Lisa Crayton, Freelance Writer/Author/Teacher, and I met at the Philly Conference years ago and have stayed in touch. She taught a Continuing Session (5 1-Hour Classes) this year on You CAN Write Magazine Articles. This talented friend loves pouring into aspiring and published writers alike.

My own conference experience involved re-connecting with friends, meeting new ones, and getting some excellent advice on marketing and promotion. This year's theme centered around Write His Answer. The keynote speakers challenged and gave conferees ideas on how to communicate the love of Jesus Christ in today's culture. I came home rejuvenated, encouraged, and ready to press forward.

Writers: Have you ever attended a writers conference? If you have, please share your most memorable moment.

Readers: What book is on your nightstand this week?

Pictures: Susan J. Reinhardt @Copyright 2014

Friday, August 8, 2014

My Weekly Wonders

I love summer and enjoy nature's wonders. The Internet provides much inspiration, and the discovery process delights me. Here are some of my Weekly Wonders:

1.  Ray Edwards guest posts at Goins Writer. So much of the ads we see try to manipulate or scam the reader. Mr. Edwards takes us through steps that care, love, and provide real answers to real problems.

2.  The Christian Bookworm is a new site that alerts readers to Christian bargain or free books. They're still under construction, but I've signed up for their emails. Since they're so new, authors can suggest they highlight their ebooks.

3.  Edie Melson, at The Write Conversation, has a great checklist for editing your blog posts. Whether you're a professional writer or not, typos and wonky formatting detract from the quality of your blog. I've been blogging for six years, and these are the best tips I've come across.

Writers and Readers: Do you subscribe to a service that alerts you to Free or Bargain books? Please share your experience - positive or negative.

Photo Credit:  Krappweis

Monday, August 4, 2014

Cheat Sheet or Quick Reference Guide? Part II

Last week, we talked about Cheat Sheets and how they keep you from putting forth your best writing efforts.

When I read a craft book, blog post, or take an online course, I often think, "how am I ever going to remember all this material?" Well, the plain fact is I won't recall everything. Unlike a Cheat Sheet, a Quick Reference Guide is designed to summarize the important stuff without explaining every nuance related to the topic. It's a memory jogger, not a way to cut corners.

How do I construct a Quick Reference Guide?

1.  If a nugget jumps out while I'm reading a craft book or other educational tool, I jot it down. It's helpful to have more than one document or file with each focusing on a specific topic.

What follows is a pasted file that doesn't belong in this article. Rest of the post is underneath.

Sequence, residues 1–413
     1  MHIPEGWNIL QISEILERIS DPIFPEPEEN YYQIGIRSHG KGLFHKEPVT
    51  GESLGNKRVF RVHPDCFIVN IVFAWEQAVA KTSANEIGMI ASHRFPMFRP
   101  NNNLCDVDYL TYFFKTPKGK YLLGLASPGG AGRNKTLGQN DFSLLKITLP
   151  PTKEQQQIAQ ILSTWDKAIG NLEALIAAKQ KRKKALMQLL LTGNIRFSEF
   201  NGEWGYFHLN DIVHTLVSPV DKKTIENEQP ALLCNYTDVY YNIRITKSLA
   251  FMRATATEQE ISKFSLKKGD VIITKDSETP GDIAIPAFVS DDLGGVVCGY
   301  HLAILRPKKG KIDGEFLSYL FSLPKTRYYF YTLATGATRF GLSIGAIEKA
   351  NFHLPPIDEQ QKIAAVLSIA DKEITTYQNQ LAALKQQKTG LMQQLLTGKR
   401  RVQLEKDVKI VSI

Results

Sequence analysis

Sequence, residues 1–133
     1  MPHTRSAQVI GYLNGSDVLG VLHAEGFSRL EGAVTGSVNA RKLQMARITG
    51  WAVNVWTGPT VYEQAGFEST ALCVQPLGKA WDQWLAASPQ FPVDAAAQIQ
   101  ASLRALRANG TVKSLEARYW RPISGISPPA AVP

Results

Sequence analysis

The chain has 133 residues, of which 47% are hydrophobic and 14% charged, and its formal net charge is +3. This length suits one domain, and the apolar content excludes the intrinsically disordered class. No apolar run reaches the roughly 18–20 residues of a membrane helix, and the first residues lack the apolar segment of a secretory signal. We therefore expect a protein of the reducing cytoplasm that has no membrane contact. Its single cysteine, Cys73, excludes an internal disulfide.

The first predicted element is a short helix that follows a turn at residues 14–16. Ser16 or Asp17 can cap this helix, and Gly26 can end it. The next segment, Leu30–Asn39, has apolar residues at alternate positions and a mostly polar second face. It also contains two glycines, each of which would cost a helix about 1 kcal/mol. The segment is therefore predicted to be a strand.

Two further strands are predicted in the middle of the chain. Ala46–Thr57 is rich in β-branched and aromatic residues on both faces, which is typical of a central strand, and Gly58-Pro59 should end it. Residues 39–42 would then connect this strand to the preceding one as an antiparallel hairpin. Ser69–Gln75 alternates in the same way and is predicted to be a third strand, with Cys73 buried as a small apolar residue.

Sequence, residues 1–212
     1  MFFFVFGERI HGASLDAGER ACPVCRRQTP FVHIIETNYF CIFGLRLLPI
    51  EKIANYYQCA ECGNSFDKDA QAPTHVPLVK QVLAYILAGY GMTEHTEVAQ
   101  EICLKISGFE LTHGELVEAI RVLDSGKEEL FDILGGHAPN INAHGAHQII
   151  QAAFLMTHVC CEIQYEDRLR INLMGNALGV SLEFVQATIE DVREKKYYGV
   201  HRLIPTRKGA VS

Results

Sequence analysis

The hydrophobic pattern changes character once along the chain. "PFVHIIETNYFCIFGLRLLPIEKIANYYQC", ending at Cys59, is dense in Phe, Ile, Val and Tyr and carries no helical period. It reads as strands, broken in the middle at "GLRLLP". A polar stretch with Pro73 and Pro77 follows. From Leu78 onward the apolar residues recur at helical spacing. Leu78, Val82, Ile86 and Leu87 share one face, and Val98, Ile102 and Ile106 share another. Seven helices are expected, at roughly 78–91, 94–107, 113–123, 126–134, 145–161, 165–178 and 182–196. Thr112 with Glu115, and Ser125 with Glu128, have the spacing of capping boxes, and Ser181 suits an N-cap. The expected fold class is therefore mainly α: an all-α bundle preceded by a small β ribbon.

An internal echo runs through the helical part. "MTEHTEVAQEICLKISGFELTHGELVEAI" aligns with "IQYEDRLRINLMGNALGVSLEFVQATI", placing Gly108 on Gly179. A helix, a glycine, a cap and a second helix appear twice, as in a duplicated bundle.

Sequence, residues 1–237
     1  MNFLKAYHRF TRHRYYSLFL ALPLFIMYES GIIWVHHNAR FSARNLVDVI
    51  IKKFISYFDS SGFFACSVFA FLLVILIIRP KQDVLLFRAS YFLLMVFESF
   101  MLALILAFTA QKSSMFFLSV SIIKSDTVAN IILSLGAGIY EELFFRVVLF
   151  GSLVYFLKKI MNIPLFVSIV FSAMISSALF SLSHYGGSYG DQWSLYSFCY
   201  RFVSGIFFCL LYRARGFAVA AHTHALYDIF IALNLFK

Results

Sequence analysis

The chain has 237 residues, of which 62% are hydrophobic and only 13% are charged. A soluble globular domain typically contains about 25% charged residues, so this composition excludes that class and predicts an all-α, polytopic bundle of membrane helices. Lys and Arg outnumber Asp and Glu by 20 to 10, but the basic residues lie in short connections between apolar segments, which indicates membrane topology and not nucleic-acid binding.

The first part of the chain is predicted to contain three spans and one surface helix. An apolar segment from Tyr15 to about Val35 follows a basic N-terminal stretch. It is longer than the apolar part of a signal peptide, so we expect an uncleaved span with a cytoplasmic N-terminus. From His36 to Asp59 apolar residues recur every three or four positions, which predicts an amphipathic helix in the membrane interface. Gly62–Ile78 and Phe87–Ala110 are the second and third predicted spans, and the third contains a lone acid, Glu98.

For example: I have a mental block with techy stuff.  "Now, how do I do an em dash?" I have the simple instructions printed out for quick reference. This way, I'm not searching the Internet every time I need an em dash.

2.  A short statement that gives me a fast definition of a term.

Jill Elizabeth Nelson's book, Rivet Your Reader With Deep Point of View,* drove a particular point home: Don't name your character's emotion. That simple statement keeps me on track when writing my novels.

I read this book while writing my second book, The Scent of Fear. One reader commented: "I don't know what you did in this book, but it's even better than the last one." I employed the principles in Jill's book to my writing.

3.  Writers Conferences

If you want to talk about cramming tons of information into your head, this is the place it happens. Many workshop presenters hand out notes to help you retain the material, but I rarely have time to go over them more than once.

I try to isolate the principles they're teaching and write them down. This helps me remember the highlights and apply them to my writing.

For example: Tim Shoemaker taught a workshop on Show, Don't Tell. He gave out a small tube and a lightweight ball. The lesson is embedded in my brain forever. I look through the tube at the ball. This represents what the Point of View Character sees, hears, and knows. This character cannot refer to what another character is thinking. He's not a mind reader.

These are the types of items that go on my Quick Reference Guides. Most of the time, they're not formal lists. They can be notes in a file that I can grab when I need them.

*I was unable to get the Amazon link to work in this post. This book is available on Kindle.

Writers: What Quick Reference Tips do you have for me?